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Discussion Starter · #1 ·
Hi there. Three years ago, I bought a beautiful yearling quarter horse filly. She was started at two years old, and is THE laziest horse EVER! She has no motivation what so ever. This year we decided to start her over jumps. She took it the same as always, no motivation to go. She would just barely clear the jump, and when she decided she was done, she would run right through it. This went on for about 2-3 months. This last month, she made a night and day change. She started bolting after the jump. Never has she bolted to the jump. Its now getting worse, she will rip the reins out of my hands, throw her head between her knees, and start taking taller strides at her canter, and then she just stops and usually I go flying the first time or two, then I get my ballance, and we end up running across the 3 acre field with no control until she gets to a fence and stops. She is still a very lazy horse on the ground, and doing flat work. She has just started bucking now, and I have no idea what to do. I have NO control so circles won't work as she takes the bit in her mouth and just won't respond. We tried half halting before and after the jump, and got nothing. I need MAJOR help!!!
 

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It sounds like either she isn't comfortable doing what you are doing (3 is awfully young to be pushing into jumping all the time), or she just isn't ready mentally for all the work you're throwing at her. The bolting is just her way of expressing that.

If she were mine, I would be returning to flatwork only, with maybe some ground poles only...solidify everything on the flat, including her 'lack of go', before you try something that NEEDS almost perfect control, like jumping.
 

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Discussion Starter · #3 ·
Just keep in mind I got her when she was a yearling (so one year old) and I have had her three years. Therefore 1 year old + 3 years of owning = a 4 year old horse. She does not refuse the jump whatsoever, and when she doesn't like something, she will refuse it (ie: walking on a tarp, etc). We do tons of flatwork, and she does absolutely fine. She has no motivation to go, but that does not mean that she won't go. She just doesn't refuse or act up, she is completely bombproof in flatwork. She just isn't super hyper about moving forward. She will hold her gaits as long as I ask for it, she just is more eager to slow down. She prefers to keep a collected gait, at a walk trot canter, but will extend when asked to do so. She was schooled over poles quite a bit, and is fine with that. There is nothing left to do on the flat, and nothing we need to improve on. And no I am not jumping her every time I ride either. I know that's not a good idea to do with a young horse. If she was uncomfortable, she also would let me know with body language, as she is VERY clear with her signals. After the jump, she is not pinning her ears or anything, she has her ears as forward as they will go, and her tail up like an arab (she also looks like this when she plays with the other horses).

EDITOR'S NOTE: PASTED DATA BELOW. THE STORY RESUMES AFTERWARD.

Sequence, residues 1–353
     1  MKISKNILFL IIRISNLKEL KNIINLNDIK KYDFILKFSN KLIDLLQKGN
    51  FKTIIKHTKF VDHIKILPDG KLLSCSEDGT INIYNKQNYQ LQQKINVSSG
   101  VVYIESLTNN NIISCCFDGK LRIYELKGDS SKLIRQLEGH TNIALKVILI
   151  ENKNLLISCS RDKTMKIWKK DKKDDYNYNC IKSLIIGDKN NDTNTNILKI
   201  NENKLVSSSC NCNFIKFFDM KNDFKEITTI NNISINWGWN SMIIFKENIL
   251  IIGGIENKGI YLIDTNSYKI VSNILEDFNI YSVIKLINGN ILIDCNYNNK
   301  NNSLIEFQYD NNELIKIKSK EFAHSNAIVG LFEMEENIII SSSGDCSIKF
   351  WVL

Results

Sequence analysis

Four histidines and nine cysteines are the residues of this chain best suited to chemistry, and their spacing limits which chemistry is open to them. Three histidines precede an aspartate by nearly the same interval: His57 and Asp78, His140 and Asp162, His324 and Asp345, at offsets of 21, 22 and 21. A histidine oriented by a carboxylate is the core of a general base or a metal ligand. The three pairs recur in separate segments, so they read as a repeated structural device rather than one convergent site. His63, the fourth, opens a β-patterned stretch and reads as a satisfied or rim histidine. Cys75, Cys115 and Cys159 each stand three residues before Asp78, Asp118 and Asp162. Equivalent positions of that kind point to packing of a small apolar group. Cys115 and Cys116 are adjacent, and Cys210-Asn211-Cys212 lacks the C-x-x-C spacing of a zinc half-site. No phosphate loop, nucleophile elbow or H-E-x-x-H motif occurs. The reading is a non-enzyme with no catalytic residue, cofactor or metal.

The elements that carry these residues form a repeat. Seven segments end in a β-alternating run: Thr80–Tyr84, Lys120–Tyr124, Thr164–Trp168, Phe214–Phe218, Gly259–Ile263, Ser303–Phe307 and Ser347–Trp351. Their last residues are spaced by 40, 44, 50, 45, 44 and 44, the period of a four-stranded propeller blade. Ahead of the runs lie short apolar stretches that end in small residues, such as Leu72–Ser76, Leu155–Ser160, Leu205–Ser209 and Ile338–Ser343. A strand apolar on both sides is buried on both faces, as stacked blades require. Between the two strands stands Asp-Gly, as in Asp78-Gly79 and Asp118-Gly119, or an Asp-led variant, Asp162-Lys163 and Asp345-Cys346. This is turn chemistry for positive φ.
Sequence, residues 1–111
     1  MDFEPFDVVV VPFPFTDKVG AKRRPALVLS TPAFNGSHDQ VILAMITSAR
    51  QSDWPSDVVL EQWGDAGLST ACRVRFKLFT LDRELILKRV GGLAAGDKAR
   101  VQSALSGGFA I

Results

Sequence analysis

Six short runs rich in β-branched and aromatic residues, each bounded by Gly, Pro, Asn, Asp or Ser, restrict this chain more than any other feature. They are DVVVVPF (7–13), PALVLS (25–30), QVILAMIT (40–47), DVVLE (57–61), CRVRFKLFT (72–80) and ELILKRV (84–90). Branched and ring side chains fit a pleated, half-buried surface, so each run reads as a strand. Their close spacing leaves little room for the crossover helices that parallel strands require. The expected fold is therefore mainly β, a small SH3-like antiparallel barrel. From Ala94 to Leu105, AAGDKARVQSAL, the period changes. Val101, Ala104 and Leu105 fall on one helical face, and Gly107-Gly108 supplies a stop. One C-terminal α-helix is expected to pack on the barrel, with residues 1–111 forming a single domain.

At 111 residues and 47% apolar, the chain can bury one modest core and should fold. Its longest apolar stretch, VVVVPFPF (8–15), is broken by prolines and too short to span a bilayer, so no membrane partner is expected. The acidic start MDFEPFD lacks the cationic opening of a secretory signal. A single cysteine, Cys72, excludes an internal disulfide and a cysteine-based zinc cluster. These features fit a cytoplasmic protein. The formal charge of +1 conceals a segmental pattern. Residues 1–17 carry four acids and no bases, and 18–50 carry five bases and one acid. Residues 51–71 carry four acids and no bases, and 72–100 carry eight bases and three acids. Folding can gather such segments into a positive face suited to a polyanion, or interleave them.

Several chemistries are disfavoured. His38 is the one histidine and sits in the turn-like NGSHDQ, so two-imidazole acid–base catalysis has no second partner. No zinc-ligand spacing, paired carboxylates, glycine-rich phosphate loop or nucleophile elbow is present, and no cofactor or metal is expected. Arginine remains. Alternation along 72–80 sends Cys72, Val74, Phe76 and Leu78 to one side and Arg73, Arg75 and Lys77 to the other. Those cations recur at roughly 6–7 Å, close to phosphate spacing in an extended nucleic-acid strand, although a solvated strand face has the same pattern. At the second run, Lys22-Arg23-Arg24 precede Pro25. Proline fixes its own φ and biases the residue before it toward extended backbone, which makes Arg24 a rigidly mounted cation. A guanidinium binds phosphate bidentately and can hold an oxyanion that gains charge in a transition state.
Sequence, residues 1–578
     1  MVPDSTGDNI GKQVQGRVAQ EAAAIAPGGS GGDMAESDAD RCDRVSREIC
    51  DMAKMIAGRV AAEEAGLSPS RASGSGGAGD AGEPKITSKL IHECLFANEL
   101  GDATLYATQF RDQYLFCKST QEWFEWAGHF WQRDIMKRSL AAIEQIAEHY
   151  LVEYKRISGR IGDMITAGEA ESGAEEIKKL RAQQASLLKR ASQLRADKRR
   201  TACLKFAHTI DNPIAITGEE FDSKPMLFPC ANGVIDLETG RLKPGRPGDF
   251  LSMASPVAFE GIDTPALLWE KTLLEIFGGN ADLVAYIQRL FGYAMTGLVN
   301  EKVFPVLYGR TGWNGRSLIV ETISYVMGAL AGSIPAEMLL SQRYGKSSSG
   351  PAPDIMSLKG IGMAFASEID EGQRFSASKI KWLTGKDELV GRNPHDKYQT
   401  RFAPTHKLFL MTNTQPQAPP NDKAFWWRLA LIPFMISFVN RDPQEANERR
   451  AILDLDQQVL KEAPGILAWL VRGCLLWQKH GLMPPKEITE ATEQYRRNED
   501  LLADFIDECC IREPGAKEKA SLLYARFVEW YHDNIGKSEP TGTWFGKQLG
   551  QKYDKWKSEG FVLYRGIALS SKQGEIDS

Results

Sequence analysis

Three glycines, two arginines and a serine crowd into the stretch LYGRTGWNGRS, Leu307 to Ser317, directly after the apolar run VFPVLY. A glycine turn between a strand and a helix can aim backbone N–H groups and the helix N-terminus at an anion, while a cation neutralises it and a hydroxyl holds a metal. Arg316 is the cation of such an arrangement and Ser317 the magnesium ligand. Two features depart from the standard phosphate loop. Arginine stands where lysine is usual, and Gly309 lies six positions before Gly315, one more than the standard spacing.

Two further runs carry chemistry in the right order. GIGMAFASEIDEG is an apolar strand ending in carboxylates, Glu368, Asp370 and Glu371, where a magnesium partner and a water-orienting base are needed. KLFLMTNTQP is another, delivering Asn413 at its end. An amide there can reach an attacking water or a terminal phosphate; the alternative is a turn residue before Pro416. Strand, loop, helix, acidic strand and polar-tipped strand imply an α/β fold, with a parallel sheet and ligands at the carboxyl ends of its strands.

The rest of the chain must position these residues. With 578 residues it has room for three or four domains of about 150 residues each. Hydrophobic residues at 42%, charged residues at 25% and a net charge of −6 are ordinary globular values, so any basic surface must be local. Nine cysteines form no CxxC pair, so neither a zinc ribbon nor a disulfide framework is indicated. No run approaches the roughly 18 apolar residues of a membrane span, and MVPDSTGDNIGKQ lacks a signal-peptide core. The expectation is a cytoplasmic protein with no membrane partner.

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You could try off-line longeing her over a jump in a small arena/large roundpen: make a chute with a pole from ground to resting at jump height, funnel shaped to funnel her in, with a ground pole at a stride out, before the jump, to set her up. She'll get the hang of jumping that way; greenies need that development. She should then be calm & confident, then you could see how she does with a rider, perhaps with a "longe person" directing her, as usual, & rider just being a passenger, at first. (Good for rider development of non-interference, too!)

Re: bolting after jumping: Some horses love jumping & speed up after the jump from exuberance; you need to discern the cause, for the proper way to deal with it. Exuberance is not the same as challenging the rider's authority, & fear is yet another possible cause, as well.
 

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If she's that out of control, maybe bring in a trainer for a few rides to sort of reset her buttons and have the trainer teach you in the process of how to keep up the training.